Alexander Moritzi (1806-1850)
Alexander Moritzi is a most obscure figure in the early history of evolutionary thought. Best known for publishing a flora of Switzerland, Moritzi also published Reflexions sur l’espèce en histoire naturelle (1842), a remarkable book about evolution with a clearly materialist (and anti-theological) viewpoint. In this work, Moritzi describes species as ideally being defined as all descendants of a common stock, argues that the (then) generally accepted line between species and varieties is artificial, and that deep time and turnover of species in the fossil record clearly support an evolutionary interpretation of biodiversity.
Best of all, Alexander Moritzi scooped J.B.S Haldane and his famous stricture that “God has an inordinate fondness for beetles” (1951). As Moritzi wrote in 1844: “How is it, we ask, there is so much resemblance between the organisms around us? Is it by chance that 50,000 insects were formed on the same type? Or is it that the creator was pleased to copy, with minor modifications, 49,999 times his own model, in accomplishing his task in so many direct and spontaneous acts? Or is it finally nature herself, which, gradually changing the environment, has also caused changes to organizations?”
A few passages from this remarkable book:
“Geology, which reveals the succession of organisms, powerfully supports the idea of the gradual development of organic beings. The most perfect animals, mammals and birds, are last in the time of their appearance on the globe. Man himself is not found anywhere in a fossil state; the masterpiece of nature [humans] must have appeared in the last line [epoch], not to find all preparing for his convenience, as claimed by theologians, but because the types that he was based upon must have preceded him.”
“At the beginning, there were only subtle differences between individuals; but as these nuances departed more and more from the primitive type they must ultimately have composed groups of distinct value.”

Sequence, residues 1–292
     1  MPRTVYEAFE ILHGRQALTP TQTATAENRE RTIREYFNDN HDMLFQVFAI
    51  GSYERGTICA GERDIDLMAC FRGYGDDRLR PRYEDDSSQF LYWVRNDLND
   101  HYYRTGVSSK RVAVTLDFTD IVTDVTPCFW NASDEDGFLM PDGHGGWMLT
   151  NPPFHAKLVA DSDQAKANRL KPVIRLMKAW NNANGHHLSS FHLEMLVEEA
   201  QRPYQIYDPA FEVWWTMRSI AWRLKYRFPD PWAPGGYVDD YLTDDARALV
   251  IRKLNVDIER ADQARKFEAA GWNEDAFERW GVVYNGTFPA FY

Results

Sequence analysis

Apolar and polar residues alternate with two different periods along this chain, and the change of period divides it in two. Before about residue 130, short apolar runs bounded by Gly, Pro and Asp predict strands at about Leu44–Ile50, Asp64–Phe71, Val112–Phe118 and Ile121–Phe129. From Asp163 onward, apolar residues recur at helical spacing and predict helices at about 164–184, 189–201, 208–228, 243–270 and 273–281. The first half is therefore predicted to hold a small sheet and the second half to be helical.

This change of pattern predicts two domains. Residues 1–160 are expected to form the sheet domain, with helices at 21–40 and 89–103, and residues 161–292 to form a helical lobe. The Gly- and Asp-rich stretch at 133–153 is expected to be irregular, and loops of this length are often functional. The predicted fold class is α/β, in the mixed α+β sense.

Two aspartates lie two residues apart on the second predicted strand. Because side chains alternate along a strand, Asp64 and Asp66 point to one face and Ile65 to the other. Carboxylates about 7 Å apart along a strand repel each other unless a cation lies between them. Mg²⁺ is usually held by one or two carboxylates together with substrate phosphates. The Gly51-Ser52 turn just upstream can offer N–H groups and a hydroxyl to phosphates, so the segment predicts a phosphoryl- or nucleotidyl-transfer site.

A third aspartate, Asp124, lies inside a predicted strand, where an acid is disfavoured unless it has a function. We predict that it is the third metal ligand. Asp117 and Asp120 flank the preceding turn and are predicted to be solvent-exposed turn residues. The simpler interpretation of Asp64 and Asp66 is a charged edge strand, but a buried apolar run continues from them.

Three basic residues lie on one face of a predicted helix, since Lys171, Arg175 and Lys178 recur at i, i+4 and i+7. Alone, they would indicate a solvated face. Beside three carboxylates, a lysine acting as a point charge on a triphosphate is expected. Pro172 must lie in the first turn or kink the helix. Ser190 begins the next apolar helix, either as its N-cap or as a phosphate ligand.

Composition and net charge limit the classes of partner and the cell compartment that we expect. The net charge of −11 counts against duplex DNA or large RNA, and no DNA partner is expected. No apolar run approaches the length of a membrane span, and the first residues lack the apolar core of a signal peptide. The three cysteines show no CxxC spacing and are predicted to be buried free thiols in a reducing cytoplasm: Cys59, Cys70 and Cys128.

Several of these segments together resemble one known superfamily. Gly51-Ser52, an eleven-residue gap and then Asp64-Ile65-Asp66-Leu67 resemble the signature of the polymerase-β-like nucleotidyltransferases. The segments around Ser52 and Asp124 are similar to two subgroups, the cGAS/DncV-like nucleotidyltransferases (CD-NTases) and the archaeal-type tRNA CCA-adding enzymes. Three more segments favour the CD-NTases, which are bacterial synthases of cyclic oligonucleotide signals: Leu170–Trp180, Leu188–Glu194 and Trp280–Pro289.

“If the origin of organic beings is as we suppose, there could be no interruption in their creation. At the beginning, there were only subtle differences between individuals; but these nuances departed more and more from the primitive type and eventually constituted different important groups. Nature formed, not a single series of organisms, but branched and ramifying series because of the various localities in which they found themselves placed and which influenced them. The chain can be interrupted here and there – either because the causes of existence ceased to be or because destroying organisms have invaded the original order. But in most cases where we seem to perceive a problem of continuity, it is probably the imperfection of our research that prevents us from discovering the rings that reunite different groups.”
“If such is the course which nature has followed in giving birth to living beings, the task of science must consist in seeking the thread of this chain, in fixing the relation of forms with causes and in indicating the parallelism of groups, irrespective of their age, in relation to the time of their creation.”